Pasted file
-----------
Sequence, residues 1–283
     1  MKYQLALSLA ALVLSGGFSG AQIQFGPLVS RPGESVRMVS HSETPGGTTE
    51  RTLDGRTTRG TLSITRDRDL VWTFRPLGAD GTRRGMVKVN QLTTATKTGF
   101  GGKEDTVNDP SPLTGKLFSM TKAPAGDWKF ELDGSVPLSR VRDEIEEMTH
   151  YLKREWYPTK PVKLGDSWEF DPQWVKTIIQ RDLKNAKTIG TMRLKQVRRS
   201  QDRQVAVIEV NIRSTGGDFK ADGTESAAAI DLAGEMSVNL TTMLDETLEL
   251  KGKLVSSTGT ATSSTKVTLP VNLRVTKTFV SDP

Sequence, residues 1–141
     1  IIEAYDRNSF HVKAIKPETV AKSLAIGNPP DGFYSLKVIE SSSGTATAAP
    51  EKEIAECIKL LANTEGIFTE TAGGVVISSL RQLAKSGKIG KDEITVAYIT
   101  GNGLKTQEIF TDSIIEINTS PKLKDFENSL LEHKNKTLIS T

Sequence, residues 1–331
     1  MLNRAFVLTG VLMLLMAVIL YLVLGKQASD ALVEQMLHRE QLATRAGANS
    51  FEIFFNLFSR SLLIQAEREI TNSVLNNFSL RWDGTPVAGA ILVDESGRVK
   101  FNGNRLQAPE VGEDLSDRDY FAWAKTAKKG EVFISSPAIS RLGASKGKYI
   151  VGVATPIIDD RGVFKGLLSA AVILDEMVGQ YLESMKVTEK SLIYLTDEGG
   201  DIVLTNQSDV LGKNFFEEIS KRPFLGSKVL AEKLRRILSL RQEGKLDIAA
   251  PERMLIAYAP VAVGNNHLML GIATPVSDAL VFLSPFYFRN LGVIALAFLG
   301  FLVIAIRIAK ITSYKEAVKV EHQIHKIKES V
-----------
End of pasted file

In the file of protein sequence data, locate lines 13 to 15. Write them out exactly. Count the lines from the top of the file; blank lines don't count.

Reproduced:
     1  MLNRAFVLTG VLMLLMAVIL YLVLGKQASD ALVEQMLHRE QLATRAGANS
    51  FEIFFNLFSR SLLIQAEREI TNSVLNNFSL RWDGTPVAGA ILVDESGRVK
   101  FNGNRLQAPE VGEDLSDRDY FAWAKTAKKG EVFISSPAIS RLGASKGKYI